Faith-Based Initiatives Promote Religion

Tax funded “faith-based initiatives,” popularized by George W. Bush and expanded by Barack Obama, promote religion. If this point is not sufficiently obvious, a letter in today’s Denver Post brags about that fact:

As the Salvation Army understands, Jesus Christ really does free people from the shackles of addiction. Christ-centered, prayer-based addiction treatment is overwhelmingly more successful than any other addiction treatment program. And the same goes for reducing rates of prison recidivism.

I suspect President Barack Obama understands this, due to his willingness to continue federally funded, faith-based initiatives. And former President George W. Bush certainly understands this fact. Christ-centered, faith-based initiatives were found to be very successful in reducing recidivism in the Texas prison system during Mr. Bush’s tenure there as governor.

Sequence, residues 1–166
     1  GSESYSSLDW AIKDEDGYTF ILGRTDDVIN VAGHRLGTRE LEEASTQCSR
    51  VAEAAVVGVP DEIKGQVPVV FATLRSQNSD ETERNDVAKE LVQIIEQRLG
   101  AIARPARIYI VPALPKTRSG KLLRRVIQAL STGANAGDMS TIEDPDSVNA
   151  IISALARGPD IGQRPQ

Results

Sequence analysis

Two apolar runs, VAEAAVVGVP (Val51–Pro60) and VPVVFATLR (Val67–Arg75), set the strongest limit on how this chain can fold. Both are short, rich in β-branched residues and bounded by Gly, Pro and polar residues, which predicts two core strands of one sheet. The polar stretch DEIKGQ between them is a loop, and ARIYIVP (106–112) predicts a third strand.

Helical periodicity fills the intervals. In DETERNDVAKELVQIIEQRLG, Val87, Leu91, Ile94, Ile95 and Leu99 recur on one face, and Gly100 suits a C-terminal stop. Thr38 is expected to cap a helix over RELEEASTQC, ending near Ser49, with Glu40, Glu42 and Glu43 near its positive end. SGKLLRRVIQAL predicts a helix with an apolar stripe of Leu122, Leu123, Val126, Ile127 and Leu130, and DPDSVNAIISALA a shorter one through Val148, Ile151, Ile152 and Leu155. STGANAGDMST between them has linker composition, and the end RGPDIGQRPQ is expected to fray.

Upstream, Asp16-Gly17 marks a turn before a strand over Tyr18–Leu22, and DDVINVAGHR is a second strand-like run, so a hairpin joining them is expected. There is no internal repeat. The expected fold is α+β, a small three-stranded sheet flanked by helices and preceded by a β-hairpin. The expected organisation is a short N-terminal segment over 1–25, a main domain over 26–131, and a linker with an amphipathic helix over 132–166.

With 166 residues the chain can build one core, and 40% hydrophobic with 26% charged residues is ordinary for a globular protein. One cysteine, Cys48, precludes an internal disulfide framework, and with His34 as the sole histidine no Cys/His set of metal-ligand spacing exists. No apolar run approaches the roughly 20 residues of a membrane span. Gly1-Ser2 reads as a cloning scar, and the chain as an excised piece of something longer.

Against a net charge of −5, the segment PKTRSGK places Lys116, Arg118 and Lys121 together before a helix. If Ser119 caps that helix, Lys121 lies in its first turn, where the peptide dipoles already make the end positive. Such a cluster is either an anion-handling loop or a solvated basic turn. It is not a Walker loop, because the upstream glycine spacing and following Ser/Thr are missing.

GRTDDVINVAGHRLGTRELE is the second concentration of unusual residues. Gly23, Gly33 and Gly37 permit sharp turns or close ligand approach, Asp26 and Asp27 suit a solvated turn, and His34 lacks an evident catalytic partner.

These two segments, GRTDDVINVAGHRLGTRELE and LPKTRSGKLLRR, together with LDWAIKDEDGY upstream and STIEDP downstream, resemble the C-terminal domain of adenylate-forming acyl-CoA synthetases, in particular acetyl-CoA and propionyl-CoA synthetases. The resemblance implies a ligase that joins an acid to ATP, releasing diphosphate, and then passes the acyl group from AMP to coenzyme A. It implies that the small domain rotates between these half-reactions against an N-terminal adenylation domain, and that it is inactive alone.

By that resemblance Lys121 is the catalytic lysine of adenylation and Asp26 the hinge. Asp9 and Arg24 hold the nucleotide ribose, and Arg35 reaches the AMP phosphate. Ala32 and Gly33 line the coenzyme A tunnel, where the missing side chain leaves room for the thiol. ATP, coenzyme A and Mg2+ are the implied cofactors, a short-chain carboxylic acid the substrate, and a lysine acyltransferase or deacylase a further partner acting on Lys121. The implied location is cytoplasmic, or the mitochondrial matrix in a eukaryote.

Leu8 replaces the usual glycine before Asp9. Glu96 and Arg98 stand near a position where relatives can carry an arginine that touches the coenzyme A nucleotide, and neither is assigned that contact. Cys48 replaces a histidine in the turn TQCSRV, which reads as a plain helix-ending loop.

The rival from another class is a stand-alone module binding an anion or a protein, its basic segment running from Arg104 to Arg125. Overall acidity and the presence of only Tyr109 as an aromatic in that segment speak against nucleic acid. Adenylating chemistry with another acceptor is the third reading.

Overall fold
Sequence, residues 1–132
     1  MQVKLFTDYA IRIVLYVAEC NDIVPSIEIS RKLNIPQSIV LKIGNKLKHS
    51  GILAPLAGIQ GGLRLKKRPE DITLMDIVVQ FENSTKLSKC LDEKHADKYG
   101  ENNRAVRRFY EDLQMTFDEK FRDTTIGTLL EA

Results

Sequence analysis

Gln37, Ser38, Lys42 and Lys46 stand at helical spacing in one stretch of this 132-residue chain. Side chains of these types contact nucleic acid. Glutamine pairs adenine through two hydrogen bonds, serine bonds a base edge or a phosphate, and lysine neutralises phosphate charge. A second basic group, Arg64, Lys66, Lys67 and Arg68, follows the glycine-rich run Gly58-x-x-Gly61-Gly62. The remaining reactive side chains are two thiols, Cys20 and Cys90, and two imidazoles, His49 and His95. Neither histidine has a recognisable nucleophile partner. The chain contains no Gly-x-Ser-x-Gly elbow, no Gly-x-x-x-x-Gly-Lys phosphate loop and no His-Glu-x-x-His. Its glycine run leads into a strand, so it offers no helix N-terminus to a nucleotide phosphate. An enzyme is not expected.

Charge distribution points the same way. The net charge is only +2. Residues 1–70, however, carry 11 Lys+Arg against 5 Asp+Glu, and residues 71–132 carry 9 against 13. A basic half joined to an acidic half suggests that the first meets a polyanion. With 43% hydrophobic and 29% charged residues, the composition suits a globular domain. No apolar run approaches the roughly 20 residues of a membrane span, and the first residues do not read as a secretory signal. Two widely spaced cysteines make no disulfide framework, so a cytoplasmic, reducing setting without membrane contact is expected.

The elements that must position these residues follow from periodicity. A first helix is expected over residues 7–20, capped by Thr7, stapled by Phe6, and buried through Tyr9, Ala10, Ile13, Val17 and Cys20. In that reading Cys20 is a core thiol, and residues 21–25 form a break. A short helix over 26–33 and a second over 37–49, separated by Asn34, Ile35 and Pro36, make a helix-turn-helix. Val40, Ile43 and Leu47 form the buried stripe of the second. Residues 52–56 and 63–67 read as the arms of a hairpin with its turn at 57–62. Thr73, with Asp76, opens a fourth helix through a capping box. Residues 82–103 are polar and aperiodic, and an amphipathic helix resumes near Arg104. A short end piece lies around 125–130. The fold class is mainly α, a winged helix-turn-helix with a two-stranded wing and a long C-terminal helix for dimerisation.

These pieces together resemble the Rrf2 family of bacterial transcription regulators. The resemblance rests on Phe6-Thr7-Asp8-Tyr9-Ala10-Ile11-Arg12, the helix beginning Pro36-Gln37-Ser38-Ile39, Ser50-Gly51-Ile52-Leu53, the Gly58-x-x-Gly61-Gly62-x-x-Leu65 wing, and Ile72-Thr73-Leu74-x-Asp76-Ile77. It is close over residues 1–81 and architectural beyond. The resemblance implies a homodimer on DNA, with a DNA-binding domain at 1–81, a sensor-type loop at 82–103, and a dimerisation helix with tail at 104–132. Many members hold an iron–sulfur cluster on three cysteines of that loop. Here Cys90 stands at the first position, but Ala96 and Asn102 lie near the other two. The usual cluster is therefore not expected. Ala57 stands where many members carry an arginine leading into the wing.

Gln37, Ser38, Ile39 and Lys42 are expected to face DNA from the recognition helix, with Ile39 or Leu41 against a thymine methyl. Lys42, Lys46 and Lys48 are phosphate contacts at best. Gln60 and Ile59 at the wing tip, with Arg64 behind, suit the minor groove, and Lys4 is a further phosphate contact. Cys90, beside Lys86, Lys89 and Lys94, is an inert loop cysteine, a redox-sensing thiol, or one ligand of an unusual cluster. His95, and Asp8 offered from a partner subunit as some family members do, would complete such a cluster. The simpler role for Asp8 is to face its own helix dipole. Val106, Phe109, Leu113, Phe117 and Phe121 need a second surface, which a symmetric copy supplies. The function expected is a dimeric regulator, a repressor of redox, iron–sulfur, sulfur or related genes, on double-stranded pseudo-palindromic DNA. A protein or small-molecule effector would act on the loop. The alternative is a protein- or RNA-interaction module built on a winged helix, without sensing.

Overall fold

I don’t wish to address the specific claims of effectiveness, other than to mention that I don’t take them at face value. The key point is that Americans who aren’t Christians — or who are Christians but who oppose such tax spending — are forced to pay for “prayer-based,” “Christ-centered,” “faith-based” programs, in violation of their rights of property and conscience. The “faith-based initiatives” are grotesquely immoral. And they violate the First Amendment.